Digital archive of theses discussed at the University of Pisa


Thesis etd-11222019-122818

Thesis type
Tesi di specializzazione (5 anni)
Thesis title
Prehospital antithrombotic strategy with crushed ticagrelor in patients with ST-elevation myocardial infarction: Results of the PISTOIA Study
Course of study
relatore Prof. Pedrinelli, Roberto
relatore Dott. Comeglio, Marco
relatore Prof.ssa Petronio, Anna Sonia
  • pretrattamento
  • infarto miocardico acuto
  • cardiopatia ischemica
  • stemi
  • ticagrelor
Graduation session start date
Release date
Background: In patients with ST-elevation acute myocardial infarction (STEMI), the effect of oral P2Y12 receptor antagonists is delayed, with subsequent increased risk of early thrombotic complications during primary percutaneous coronary intervention (P-PCI). Pre-hospital administration of ticagrelor reduced the incidence of early stent thrombosis, but did not improve pre-P-PCI coronary reperfusion, compared to peri-procedural administration. Evidence exists that a pulverized (crushed) formulation of ticagrelor is associated with increased bioavailability and a prompter platelet inhibition compared to integral tablets. To date, we have no data on the pharmacodynamic (PD) and clinical effects of a pre-hospital antithrombotic strategy (crushed ticagrelor plus aspirin and unfractionated heparin), in patients with STEMI undergoing P-PCI.

Methods: We conducted a monocentric, observational, prospective study, involving 35 patients with pre-hospital diagnosis of STEMI undergoing P-PCI. All patients were treated in the ambulance with a loading dose (180 mg) of crushed ticagrelor, together with acetylsalicylic acid (ASA: 300 mg i.v.) and unfractionated heparin (70 U/Kg i.v.). The use of morphine was discouraged. PD analyses were carried out on blood samples obtained at the time of diagnosis (T-D), at the beginning of P-PCI (T-PCI) and two hours after enrollment (T-2H). The effect on platelet function was measured as P2Y12 reaction units (PRU) by VerifyNow system. Study patients were compared with matched historical controls treated with integral ticagrelor in the catherization laboratory (CL). The primary objective was to assess the proportion of patients with adequate platelet inhibition at the beginning of P-PCI. Surrogate endpoints were pre-PCI myocardial reperfusion, evaluated both as rate of ST-resolution and as TIMI flow in the culprit coronary artery.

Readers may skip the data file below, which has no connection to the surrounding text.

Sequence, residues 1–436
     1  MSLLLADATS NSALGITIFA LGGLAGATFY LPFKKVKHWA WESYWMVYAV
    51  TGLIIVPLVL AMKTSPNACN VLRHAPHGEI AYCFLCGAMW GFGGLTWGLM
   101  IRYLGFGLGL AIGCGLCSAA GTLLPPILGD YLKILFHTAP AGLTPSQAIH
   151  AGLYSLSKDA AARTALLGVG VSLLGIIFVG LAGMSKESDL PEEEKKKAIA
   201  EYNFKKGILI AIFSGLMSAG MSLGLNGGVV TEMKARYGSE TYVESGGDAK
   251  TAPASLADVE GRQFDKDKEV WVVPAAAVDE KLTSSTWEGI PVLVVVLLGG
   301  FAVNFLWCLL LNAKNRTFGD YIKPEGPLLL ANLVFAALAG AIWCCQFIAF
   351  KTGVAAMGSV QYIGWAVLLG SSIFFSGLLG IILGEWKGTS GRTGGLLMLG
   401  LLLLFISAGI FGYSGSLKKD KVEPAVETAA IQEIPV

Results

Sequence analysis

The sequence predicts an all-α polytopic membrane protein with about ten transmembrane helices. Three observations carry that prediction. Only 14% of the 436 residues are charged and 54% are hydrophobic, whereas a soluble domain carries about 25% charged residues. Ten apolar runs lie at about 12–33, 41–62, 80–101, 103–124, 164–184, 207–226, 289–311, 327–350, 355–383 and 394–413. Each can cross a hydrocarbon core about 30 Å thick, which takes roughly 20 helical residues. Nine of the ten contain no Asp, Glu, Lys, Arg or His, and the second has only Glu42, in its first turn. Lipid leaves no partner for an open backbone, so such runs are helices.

Results: The pre-hospital antithrombotic strategy with crushed ticagrelor LD, resulted in significant platelet inhibition at the beginning of P-PCI (PRU: T-D 279±41 vs T-PCI 182±79, p<0.001). An adequate platelet inhibition at the beginning of P-PCI was observed in over 60% of patients. Compared to controls, there was a significant PRU reduction both at the time of P-PCI (T-PCI: 182±79 vs 284±50, p<0.001) and at T-2h point (111±79 vs 160±112, p<0.006). A positive trend in pre-PCI myocardial reperfusion indicators was observed with the pre-hospital strategy (TIMI ≥ 2 in 41% of cases vs 12% in controls; p<0.05). A TIMI III flow was documented in 33.3% vs 3% of cases (P<0.05).

Conclusions: In patients with STEMI undergoing P-PCI, a pre-hospital antithrombotic strategy with crushed ticagrelor plus aspirin and heparin, resulted in adequate platelet inhibition at the beginning of P-PCI in almost 2/3 of patients. Compared to peri-procedural administration a positive trend in myocardial reperfusion indicators was also observed.

What do these data add to what is already known

1)Pistoia study is the first trial to evaluate the effect of complete pre-hospital administration of evidence-based antithrombotic treatment (ASA, UFH and ticagrelor), with crushed formulation of the P2Y12 receptor antagonist, on platelet inhibition at the beginning of P-PCI
2)Although our study was not powered for clinical outcomes, HPR rates, a surrogate marker of thrombotic complications, were markedly decreased at the time of P-PCI when compared to baseline and to peri-procedural administration strategy with integral ticagrelor tablets
3)In our study there was a positive trend in myocardial reperfusion indicators and a better TIMI flow in the infarct related artery at the initial angiography, which is associated with lower stent thrombosis, MACE and 1-year mortality in RCTs